When it comes to turning that New Year's resolution to lose weight into an achievable goal, you need to find the right diet. And for celebrities ranging from supermodels to athletes to actors, the Paleo diet won in 2013. Nutritional and lifestyle guru Dr. Charles Passler, whose clients include Victoria's Secret model Adriana Lima, explained how the low carb Paleo diet can help you lose weight in the New Year in an interview on Dec. 31 with E News.
The Paleo diet requires following these guidelines:
- No processed foods. That means breads and pasta.
- No grains, such as wheat and rye.
- No dairy products.
- Eat a low carb diet "based on consuming mainly protein (meat, fish, poultry, eggs) and lower starch vegetables, such as leafy greens."
- Eat nuts and fruits in moderation.
But does it work long-term? Well, maybe, says Dr. Passler. But it does require sticking to those rules. He suggests taking a modified approach by following it for two weeks, and focusing on these rules:
- Eliminate anything processed.
- Minimize snacking to once per day (the best time to snack is between lunch and dinner).
- Stop eating for the day once you've finished dinner.
- Cut out all alcohol.
And if you want some extra motivation for following a Paleo diet plan, NPR reported on Dec. 30 that 2013 was the "year of the Paleo diet." What made it as sizzling as the steaks allowed on this high protein diet?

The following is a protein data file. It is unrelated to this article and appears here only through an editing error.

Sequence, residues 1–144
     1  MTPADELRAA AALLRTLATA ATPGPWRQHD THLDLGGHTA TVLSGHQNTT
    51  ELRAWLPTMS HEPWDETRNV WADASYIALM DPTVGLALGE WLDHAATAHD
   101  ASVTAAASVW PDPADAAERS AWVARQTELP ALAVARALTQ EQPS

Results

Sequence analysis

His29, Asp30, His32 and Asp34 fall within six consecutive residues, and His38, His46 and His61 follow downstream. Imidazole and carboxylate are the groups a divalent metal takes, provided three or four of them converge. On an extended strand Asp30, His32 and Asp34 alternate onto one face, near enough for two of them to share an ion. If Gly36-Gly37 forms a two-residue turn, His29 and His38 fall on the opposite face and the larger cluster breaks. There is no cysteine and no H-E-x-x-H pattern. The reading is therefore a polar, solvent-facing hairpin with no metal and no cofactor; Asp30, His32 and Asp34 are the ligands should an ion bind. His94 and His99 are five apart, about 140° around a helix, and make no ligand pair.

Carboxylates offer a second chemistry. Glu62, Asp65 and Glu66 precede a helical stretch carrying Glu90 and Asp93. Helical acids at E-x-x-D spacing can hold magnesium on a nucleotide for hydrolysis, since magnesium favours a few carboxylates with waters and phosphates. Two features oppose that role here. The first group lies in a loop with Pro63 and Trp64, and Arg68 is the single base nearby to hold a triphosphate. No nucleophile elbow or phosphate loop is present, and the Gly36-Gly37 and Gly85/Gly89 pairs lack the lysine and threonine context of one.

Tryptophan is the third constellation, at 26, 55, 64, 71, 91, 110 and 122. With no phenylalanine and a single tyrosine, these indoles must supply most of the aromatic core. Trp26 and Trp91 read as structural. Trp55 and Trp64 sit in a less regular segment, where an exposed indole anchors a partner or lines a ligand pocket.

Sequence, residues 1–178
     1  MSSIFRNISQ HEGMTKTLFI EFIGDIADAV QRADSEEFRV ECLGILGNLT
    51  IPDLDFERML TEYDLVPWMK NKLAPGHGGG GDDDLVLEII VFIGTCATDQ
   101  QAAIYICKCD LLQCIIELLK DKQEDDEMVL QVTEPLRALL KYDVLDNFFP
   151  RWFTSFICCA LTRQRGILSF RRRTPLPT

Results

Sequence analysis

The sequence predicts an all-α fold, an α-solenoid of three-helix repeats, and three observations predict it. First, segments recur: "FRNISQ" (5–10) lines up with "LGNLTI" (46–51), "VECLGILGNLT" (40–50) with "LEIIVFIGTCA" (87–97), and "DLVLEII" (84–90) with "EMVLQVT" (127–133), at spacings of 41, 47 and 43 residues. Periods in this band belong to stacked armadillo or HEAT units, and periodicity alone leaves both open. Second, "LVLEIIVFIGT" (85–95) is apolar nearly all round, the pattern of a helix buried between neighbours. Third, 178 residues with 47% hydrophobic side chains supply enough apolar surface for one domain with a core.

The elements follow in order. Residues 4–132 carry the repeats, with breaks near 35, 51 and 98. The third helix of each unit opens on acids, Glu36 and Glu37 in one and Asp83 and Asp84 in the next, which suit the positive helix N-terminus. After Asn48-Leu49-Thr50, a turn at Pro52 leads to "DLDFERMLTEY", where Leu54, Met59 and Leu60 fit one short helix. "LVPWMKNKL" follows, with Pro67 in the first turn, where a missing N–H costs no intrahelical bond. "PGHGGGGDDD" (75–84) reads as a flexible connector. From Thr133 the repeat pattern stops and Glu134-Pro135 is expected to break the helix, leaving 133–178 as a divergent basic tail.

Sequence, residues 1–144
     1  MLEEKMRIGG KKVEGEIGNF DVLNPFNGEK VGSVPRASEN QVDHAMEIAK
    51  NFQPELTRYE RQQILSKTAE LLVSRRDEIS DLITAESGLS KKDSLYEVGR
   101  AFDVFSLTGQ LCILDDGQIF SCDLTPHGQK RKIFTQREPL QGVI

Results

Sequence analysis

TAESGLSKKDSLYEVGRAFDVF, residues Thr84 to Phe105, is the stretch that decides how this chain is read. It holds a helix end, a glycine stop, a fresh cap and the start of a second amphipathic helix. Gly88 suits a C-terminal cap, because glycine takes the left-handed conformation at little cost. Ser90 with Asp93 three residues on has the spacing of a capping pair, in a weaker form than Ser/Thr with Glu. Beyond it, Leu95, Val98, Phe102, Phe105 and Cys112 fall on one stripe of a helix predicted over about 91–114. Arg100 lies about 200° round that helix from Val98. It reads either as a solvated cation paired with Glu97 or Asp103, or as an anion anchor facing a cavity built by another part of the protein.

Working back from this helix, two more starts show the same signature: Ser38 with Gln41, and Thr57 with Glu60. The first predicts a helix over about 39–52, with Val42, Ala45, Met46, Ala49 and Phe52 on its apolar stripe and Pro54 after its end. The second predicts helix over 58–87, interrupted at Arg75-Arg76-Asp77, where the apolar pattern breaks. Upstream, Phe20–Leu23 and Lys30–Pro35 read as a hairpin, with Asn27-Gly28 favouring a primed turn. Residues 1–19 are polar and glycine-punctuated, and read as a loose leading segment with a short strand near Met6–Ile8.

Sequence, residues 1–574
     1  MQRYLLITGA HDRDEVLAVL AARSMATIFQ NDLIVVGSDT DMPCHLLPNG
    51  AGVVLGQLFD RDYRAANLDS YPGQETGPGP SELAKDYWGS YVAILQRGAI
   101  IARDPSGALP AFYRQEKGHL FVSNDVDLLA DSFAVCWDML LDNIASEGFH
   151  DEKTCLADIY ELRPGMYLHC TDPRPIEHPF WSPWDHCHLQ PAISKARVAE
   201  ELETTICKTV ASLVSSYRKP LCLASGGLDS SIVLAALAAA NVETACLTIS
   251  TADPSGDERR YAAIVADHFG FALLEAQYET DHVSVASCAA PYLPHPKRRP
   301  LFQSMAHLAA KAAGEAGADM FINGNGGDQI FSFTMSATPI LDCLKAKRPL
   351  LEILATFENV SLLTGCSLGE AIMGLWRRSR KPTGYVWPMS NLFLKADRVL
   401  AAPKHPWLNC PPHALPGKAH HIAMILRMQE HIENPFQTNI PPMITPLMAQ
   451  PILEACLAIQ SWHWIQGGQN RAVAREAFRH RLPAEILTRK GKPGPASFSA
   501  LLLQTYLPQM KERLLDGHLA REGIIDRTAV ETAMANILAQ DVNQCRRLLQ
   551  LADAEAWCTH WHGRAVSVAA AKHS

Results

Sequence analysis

NPR notes that the following Paleo-powered milestones occurred:
- Athletes announced that they were following the diet: Find out how Kobe Bryant and the Lakers are scoring with Paleo diets by clicking here.
- Actors endorsed it as the one for them: Click here to read how Kellan Lutz is powering up with Paleo diets.
- Celebrities hopped on the Paleo diet bandwagon: Find out how Chaz Bono lost 85 pounds with this approach by clicking here.
The science behind the Paleo diet: Before the agricultural age brought us the wonders of Twinkies and toast, we were healthier, happier and slimmer.
Therefore, say proponents, we should follow the diet of our hunter-gatherer ancestors.
"It seems clear now that there are some genetic changes that allow some of us to partially adapt to agriculture," says Chris Kresser, author of "Your Personal Paleo Code: The 3-Step Plan to Lose Weight, Reverse Disease, and Stay Fit and Healthy for Life" (click for details).
Therefore, he says, some of us may have evolved to the point of consuming dairy without detriment. Chris is one of an increasing number of Paleo proponents who believe that the diet is still evolving.
Ironically, one Paleo book that brought the most attention to the caveman approach is that from evolutionary biologist Marlene Zuk. She attacked the Paleo diet in her book "Paleofantasy: What Evolution Really Tells Us about Sex, Diet, and How We Live."
"Evolution is deceptively easy to incorporate into your thinking," Marlene informed NPR.
"But there's a pervasive misconception that anything could be perfectly adapted to its environment, and if the environment changes it gets knocked off its pedestal."
Get more insights on the Paleo diet from experts by clicking here.